HMD has stated that it expects to offer 2 years worth of upgrades across the new Nokia lines, and that's playing out faster on the Nokia 5 and Nokia 6, both of which were running on Android 7.1.1 during our test period, while the Nokia 3 was still using Android 7.0.
The Nokia 5 does feature a reasonably adept fingerprint sensor for unlocking purposes, although it is a little thin, making rapid unlocks a sometimes frustrating prospect.
The Nokia 5's anecdotal performance was much what you'd expect out of a budget phone. HMD Global has made a lot of noise around its choice to bundle essentially pure Android with few specified "Nokia" apps, and that does mean that the Nokia 5 isn't notably cluttered up with apps that could hit its basic performance.
Still, basic is the word to describe the Nokia 5's overall performance, because it doesn't exist in a vacuum against other budget and mid-range competitors. Here's how it compared using Geekbench 4's CPU test:
|Handset||Geekbench 4 CPU Single Core (higher is better)||Geekbench 4 CPU Multi Core (higher is better)|
|Moto G5 Plus||842||4180|
|Motorola Moto X Force||1352||3581|
|Huawei GR5 2017||814||3398|
|Huawei Nova Plus||843||2985|
It is interesting to note that the Nokia 5 ever so slightly pipped the Nokia 6 in pure benchmark terms, even given the extra GB of RAM on the larger handset. Benchmarks don't tell the entire story, though, with both phones very much relying on what are ultimately low-end processors.
In the 3D space, the same story played out. Here's how the Nokia 5 compared using 3DMark's Ice Storm Unlimited test:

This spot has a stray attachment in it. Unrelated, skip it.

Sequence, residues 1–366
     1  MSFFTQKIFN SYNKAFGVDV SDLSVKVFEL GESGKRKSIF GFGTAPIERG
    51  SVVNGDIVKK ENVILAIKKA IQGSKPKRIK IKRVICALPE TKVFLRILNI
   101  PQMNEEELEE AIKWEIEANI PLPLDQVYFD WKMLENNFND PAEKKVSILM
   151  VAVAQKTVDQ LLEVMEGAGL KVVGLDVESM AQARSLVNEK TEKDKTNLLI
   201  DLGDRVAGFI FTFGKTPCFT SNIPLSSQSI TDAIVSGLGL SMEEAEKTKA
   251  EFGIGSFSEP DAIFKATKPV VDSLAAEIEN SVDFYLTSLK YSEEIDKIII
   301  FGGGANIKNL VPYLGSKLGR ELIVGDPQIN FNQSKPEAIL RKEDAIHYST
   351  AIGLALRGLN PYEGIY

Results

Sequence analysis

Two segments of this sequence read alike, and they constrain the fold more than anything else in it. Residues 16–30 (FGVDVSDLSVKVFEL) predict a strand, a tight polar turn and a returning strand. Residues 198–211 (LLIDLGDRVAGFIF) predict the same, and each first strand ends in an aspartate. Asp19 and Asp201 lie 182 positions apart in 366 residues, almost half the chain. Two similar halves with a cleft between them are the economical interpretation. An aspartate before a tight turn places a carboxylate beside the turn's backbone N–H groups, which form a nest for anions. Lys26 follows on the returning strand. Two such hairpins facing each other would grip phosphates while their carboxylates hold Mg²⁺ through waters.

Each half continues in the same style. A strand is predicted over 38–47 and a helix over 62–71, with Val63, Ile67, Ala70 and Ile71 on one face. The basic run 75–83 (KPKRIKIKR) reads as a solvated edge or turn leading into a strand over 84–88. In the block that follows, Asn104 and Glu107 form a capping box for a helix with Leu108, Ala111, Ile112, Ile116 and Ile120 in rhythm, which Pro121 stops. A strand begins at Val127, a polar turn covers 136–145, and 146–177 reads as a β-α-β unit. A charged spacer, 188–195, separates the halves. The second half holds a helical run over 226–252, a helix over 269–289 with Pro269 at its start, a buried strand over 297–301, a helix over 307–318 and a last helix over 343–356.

|Handset||3DMark Ice Storm Unlimited Result|
|Huawei Nova Plus||13969|
|Moto G5 Plus||13753|
|Huawei GR5 2017||11859|
One of the benefits of using a low-spec processor should be improved battery life, because you're simply not churning as many bits all at once. Nokia provides a 3,000mAh battery in the Nokia 5, which is a reasonable size at this price point, and a good match to run a display of this size.
In day to day use, single day recharges are workable, but only just, with the battery often hovering into perilous territory if I was too busy with the Nokia 5 on a given day. That's borne out by the Nokia 5's battery life figures using the older Geekbench 3 battery test, where it very much sat low in the pack:
|Handset||Geekbench 3 Battery Test Duration||Geekbench 3 Battery Score|
|LG X Power||14:50:30||5714|
|Huawei Nova Plus||13:21:20||8013|
|Huawei GR5 2017||11:33:50||6938|
|Motorola Moto G5 Plus||11:15:40||6756|
|Motorola Moto X Force||9:46:50||3914|
|Motorola Moto G5||6:32:50||3833|
Again, that smaller display makes the Nokia 5 the standout in the Nokia pack if you're very brand-conscious, but there are many other budget options with better overall battery performance.
The Nokia 5 is a very nice looking phone at its price point, and that's easily its best selling point. If your budget is limited but you don't want to be stuck with a phone that appears to share its DNA with at least half a brick, it's a solid enough proposition, but not a truly exciting one.
In some ways, Nokia's use of essentially stock Android mirrors the approach that Google itself used to have with its Nexus phones. Google has shifted over to the premium space for Pixel, leaving a gap in the market that's being filled with phones like the Nokia 5.
The most obvious competitor products that largely do the same thing would be Motorola's Moto G5 or Moto G5 Plus, but there are also options from Chinese manufacturers such as Huawei or Oppo if the prospect of "clean" Android doesn't appeal to you. The Nokia 5 is reasonable value for money, but outside the design, there's not much here to get overly excited about.
- Product Name
- Nokia 5
- 720 x 1280 pixels
- Android 7.1.1
- Front camera
- 8MP f/2.0
- Rear camera
- 13MP f/2.0
- Snapdragon 430
- 149.7 x 72.5 x 8 mm